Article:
https://duckduckgo.com/?q=uk%20house...ages&ia=images
    In many situations, the Dutch cannot avoid living in an area that can be flooded. Our country is simply too small to be picky. However, when living in the UK, with various (lots?) of options to live in a safer part, I would certainly seek higher grounds when costal land management etc is sketchy.

    I remember a trip to Malvern in in 2010 (or earlier) for the Triumph TR Register. Most cars didn't make it to the venue, due to the flooded roads; lots of rain, small rivers from the hills became wild roaring rivers sw.eeping away everything on their way. Roads were closed or were completely gone. I'm sure someone here remembers the correct year.

    I live at 26m above sea level. In Dutch terms, that's 'The Mansion on the Hill' so to speak. I'm sure lots of forumites consider this 26m as peanuts.

  18. #18
    Master Ruggertech's Avatar
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    Quote Originally Posted by thieuster View Post
    I live at 26m above sea level. In Dutch terms, that's 'The Mansion on the Hill' so to speak. I'm sure lots of forumites consider this 26m as peanuts.
    26m? Little more than the high tide line ;)

  19. #19
    Craftsman
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    Iíve just found the flood protection plan for the future of the area (dated jul 22, so very recent). There is a lot of chat about investing in understanding the problem and need to raise awareness but not much on anything actually tangible ??.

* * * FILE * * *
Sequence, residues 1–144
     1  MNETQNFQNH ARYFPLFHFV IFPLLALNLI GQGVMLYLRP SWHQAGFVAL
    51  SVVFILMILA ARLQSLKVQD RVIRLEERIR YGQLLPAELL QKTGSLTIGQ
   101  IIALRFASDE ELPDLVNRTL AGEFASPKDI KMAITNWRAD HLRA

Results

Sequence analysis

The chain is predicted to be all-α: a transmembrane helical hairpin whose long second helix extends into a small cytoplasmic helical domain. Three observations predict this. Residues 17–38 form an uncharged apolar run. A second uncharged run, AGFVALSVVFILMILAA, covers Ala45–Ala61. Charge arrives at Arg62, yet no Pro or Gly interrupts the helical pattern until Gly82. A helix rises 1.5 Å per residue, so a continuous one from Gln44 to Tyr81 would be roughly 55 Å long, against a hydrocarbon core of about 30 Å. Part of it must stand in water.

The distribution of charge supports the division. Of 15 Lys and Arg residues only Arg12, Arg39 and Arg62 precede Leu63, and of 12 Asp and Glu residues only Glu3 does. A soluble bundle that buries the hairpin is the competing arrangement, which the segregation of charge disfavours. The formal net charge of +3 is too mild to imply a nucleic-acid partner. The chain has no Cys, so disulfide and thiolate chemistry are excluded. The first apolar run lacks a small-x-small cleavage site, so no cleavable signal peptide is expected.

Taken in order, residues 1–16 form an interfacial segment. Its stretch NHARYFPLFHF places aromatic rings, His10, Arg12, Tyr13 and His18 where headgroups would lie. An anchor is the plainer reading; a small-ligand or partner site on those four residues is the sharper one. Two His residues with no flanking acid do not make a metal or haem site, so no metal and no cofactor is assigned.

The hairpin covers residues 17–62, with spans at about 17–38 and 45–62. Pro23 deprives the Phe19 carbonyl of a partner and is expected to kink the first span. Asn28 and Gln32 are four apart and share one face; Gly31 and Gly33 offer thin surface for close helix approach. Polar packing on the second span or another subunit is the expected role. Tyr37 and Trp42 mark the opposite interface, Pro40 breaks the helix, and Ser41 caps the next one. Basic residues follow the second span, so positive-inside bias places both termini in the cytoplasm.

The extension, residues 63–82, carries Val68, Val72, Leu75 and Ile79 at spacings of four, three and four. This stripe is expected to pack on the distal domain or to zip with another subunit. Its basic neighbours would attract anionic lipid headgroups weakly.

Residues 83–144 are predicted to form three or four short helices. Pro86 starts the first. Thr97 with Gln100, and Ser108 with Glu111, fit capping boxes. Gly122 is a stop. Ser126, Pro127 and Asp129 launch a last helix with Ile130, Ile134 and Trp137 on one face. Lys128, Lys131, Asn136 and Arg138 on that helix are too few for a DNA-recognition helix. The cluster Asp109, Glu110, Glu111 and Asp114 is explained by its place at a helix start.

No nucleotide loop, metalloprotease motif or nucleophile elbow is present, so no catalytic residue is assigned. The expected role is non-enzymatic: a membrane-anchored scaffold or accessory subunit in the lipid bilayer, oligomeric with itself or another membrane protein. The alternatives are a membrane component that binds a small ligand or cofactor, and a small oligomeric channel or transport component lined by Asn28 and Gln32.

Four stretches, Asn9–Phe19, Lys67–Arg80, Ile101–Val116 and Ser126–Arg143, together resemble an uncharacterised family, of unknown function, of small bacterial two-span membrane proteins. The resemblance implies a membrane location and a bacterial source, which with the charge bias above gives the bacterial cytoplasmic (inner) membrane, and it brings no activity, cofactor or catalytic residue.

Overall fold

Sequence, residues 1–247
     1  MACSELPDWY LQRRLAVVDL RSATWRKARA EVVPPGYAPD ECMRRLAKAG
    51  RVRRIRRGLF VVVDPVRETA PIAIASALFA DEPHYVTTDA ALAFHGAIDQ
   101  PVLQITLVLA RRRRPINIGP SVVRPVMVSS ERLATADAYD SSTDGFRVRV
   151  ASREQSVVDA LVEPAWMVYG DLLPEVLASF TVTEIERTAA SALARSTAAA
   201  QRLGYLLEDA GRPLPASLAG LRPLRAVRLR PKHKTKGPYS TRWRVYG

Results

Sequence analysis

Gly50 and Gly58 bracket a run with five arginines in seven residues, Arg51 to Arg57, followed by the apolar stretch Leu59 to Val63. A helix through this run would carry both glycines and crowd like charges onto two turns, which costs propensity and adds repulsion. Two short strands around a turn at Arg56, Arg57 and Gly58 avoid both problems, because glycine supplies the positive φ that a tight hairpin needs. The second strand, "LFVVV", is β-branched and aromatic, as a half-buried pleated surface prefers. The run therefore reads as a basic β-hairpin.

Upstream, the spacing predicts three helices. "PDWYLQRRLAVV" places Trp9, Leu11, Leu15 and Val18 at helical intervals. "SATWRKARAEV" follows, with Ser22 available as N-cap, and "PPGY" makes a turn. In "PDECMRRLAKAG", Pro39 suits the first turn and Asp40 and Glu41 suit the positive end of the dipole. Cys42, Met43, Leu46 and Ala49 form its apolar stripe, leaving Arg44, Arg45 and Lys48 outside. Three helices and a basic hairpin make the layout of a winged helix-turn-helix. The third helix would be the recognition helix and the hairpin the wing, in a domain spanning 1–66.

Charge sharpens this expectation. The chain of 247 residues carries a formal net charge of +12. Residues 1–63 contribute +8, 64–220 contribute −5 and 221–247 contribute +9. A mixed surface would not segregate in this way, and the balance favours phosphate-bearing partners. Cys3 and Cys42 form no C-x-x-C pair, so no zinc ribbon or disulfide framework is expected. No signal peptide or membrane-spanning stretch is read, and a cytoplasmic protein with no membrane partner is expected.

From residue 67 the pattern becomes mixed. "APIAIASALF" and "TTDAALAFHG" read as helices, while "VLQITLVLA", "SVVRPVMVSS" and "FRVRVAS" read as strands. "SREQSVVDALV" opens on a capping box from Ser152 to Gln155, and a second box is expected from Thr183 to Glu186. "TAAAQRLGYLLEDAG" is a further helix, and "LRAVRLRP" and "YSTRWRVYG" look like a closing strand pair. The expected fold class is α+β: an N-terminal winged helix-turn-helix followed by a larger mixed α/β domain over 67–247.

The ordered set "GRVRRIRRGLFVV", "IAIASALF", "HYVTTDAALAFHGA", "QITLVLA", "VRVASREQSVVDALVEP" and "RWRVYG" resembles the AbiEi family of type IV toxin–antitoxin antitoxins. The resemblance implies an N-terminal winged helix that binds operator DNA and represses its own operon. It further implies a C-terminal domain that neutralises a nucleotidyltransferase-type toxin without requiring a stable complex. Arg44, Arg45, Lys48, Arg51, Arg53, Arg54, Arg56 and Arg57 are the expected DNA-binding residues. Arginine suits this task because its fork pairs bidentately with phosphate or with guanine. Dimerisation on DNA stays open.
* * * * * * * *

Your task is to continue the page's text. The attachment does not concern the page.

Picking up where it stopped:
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  20. #20
    Grand Master Dave+63's Avatar
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    Unless itís a houseboat youíre buying then no.

  21. #21
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    213M above sea level here

  22. #22
    Craftsman SydR's Avatar
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    My home is built on land that was formerly a port and sits about 8 meters above mean sea level. It has no history of flooding and doesnít concern me.

    I was looking at a holiday home a month ago and it came out at just one street away from a known flood zone. I ruled it out on that basis.

  23. #23
    Craftsman
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    Thank you all. Itís been really interesting to hear peoples views, which seem to echo my concerns.

    Iím generally not adverse to risk and thought I may be worrying unduly.


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  24. #24
    Grand Master oldoakknives's Avatar
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    Quote Originally Posted by cnjm1 View Post
    I wanted to canvas opinion on how much people would consider rising sea levels when purchasing a house?